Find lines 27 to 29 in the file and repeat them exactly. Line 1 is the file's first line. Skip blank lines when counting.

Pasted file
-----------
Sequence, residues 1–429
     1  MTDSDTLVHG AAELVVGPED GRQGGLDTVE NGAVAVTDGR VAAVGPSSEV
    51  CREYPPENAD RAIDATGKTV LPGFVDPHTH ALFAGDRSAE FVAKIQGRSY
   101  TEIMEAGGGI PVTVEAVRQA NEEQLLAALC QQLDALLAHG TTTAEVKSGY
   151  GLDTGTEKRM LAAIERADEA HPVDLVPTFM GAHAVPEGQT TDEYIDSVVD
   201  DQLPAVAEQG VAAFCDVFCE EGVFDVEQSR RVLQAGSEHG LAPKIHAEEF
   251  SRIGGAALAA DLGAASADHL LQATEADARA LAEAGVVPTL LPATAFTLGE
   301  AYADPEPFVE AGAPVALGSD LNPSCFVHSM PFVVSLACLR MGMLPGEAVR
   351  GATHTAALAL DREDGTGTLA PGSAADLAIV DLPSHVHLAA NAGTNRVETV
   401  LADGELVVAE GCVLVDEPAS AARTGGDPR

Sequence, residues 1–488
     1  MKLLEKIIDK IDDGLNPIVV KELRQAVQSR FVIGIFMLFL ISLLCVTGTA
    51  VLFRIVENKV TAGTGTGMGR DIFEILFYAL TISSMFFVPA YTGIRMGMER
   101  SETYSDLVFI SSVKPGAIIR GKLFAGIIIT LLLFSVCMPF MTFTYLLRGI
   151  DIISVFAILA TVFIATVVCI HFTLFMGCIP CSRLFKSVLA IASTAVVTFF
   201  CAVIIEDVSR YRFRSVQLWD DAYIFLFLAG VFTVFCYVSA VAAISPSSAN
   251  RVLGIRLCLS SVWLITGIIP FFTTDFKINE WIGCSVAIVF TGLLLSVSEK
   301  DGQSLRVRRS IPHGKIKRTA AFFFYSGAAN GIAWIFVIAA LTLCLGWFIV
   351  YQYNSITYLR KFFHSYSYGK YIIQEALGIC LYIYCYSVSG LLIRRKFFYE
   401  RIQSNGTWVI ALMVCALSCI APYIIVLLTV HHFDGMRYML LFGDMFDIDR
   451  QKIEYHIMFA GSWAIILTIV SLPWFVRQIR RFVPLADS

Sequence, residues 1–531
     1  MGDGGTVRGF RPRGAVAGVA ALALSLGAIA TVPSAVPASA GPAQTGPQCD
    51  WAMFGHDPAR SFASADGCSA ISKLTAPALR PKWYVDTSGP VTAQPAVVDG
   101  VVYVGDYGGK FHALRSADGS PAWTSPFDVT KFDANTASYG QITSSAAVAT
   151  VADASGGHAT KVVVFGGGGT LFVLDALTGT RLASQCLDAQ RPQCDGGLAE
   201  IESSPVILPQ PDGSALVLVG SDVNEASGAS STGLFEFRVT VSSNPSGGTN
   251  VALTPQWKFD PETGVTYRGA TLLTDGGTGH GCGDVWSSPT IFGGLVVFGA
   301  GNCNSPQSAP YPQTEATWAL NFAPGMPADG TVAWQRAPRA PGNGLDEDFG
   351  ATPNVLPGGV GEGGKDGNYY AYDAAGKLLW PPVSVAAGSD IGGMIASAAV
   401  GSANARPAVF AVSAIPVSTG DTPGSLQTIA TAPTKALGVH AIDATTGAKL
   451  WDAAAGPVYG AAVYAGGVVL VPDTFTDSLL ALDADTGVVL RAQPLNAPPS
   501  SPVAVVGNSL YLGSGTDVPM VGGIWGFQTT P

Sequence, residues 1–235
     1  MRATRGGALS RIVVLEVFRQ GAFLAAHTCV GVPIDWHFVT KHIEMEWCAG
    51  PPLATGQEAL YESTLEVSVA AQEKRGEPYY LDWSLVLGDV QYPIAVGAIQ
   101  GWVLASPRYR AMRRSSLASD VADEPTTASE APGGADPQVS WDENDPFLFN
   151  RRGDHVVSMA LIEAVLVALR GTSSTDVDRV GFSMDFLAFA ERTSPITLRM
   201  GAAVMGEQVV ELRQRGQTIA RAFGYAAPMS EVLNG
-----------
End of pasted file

   201  IESSPVILPQ PDGSALVLVG SDVNEASGAS STGLFEFRVT VSSNPSGGTN
   251  VALTPQWKFD PETGVTYRGA TLLTDGGTGH GCGDVWSSPT IFGGLVVFGA
   301  GNCNSPQSAP YPQTEATWAL NFAPGMPADG TVAWQRAPRA PGNGLDEDFG